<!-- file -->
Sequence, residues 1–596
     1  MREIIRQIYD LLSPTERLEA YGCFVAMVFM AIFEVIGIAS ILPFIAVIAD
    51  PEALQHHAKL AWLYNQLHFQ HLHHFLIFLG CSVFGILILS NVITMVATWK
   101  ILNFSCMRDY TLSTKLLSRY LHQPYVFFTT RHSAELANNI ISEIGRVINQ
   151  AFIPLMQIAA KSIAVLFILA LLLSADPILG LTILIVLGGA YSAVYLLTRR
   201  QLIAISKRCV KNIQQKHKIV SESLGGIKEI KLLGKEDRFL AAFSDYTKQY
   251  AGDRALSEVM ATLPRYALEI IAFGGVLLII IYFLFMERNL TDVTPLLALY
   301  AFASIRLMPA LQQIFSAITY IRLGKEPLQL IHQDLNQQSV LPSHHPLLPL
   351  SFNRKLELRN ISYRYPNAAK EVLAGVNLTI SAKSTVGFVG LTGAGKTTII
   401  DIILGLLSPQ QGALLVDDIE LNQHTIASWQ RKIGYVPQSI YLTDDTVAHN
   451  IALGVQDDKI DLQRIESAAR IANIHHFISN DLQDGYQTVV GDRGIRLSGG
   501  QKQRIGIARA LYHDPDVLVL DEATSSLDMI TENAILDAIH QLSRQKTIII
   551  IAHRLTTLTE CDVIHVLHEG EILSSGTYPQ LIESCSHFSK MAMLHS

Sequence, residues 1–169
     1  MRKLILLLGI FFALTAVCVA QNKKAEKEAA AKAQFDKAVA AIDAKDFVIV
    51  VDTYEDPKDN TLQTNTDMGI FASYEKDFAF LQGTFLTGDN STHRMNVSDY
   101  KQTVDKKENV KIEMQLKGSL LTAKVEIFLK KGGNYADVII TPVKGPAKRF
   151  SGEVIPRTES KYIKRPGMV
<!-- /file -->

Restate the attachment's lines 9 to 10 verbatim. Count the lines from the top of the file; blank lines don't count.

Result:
   351  SFNRKLELRN ISYRYPNAAK EVLAGVNLTI SAKSTVGFVG LTGAGKTTII
   401  DIILGLLSPQ QGALLVDDIE LNQHTIASWQ RKIGYVPQSI YLTDDTVAHN